Farmington Hills Mercy's Chloe Vig makes first ace — then makes her second, 4 days later
Back in 1999, Jenny Borowiec made a hole-in-one for Farmington Hills Mercy. Two years later, her sister, Erin, also accomplished the feat.
Those were the last aces in program history.
That is, until Sept. 24 and Sept. 28, when Chloe Vig did it. Yes, both days.
Vig, a sophomore at Mercy who has been playing competitive golf for less than two years, made two holes-in-one in a five-day span — doing twice in less than a week what many far more accomplished golfers wait their whole lives to do just once. Vig's own golf coach, Vicky Kowalski, who has coached the Mercy program since it launched under the urging of future World Golf Hall of Famer Meg Mallon, in 1980, has never had one. Bryson DeChambeau, ranked No. 6 in the world, has one, and that came just last year.
"A lot of people are just saying, 'Congratulations,' and telling me they've been golfing for years and never gotten one. That's insane," Vig said before a match this week. "I know we were trying to look it up (the odds). It just doesn't happen.
"It's been fun."
Ace No. 1 came Thursday, Sept. 24, during a match against Bloomfield Hills Cranbrook at Detroit Golf Club. It was at the fifth hole at Detroit Golf Club's South Course, and she used an 8-iron on the 128-yard shot. The hole is a bit blind up by the green, so she never saw it go in, but the girls in the group ahead did and started screaming.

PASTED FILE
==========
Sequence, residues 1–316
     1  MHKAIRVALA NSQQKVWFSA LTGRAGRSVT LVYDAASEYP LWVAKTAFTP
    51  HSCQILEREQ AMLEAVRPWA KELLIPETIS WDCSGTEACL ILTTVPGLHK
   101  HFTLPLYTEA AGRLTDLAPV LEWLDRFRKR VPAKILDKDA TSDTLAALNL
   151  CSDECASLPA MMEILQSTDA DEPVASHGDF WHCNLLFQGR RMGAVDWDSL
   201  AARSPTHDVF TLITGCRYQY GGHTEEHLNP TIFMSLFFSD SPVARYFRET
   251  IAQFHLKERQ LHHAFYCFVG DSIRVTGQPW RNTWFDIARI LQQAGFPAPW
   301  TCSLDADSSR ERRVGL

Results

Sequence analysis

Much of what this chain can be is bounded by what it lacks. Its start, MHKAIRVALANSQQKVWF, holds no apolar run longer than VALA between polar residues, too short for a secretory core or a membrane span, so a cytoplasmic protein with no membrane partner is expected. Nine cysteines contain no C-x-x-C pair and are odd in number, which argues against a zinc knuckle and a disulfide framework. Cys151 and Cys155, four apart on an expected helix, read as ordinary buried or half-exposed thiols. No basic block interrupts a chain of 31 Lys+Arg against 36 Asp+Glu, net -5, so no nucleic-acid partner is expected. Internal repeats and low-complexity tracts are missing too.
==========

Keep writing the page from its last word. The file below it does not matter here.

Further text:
That came on Vig's 16th birthday; her dad had brought cider and doughnuts for the team.
Then, the following Monday, Sept. 28, also at Detroit Golf Club for the Catholic League championships, Vig stepped up to the 17th hole on the South and hit a pitching wedge from 92 yards. This one, she could've actually seen, but never bothered to look. She knew she hit it well, and simply reached down to pick up the tee.
This one, at least Kowalski got to see. She was stacked out behind the green looking on with a bunch of other coaches as well as some of the players, because there was a backup on the 18th tee.
"I'm like, that's gonna be pretty close," Kowalski said. "Then, all of a sudden, the ball disappears. I can't believe that.
It's tough to find the exact odds on making two aces in less than a week. By many accounts, making an ace is a 12,500-to-1 shot, give or take given a player's skill level. Making two aces in the same round, approximately 67 million to 1. Making two in consecutive days, about 5.7 million to 1.
Anyway, you get the idea.
Vig is a pretty good golfer — she first picked up a club as a young child, but only really played for fun, and only occasionally, until she entered high school — for a program that boasts two state championships and two runner-up finishes. She shot 37 in the match against Cranbrook, and 83 in the 18-hole Catholic League championships, won by Birmingham Marian.
She's intense on the course, but isn't overly emotional. She acknowledged her reaction to both aces was limited, to say the least.
"I think it took a while for it to sink in," Kowalski said. "She didn't realize what a big deal it was, like, 'Oh, it's just another golf shot.'
"She's realizing, I guess this is a pretty big deal."
Vig's dad, Joe, recognized just how big a deal it was.
He took both the golf balls, yellow Titleist Pro Vs, both No. 4s, and had them mounted on a pair of wooden and glass plaques.
Vig will get to see those mementos forever — even if she never saw the aces go in.
Oh, and about that ...
"Yeah," she said, with a laugh, "every par 3 since them, I've watched."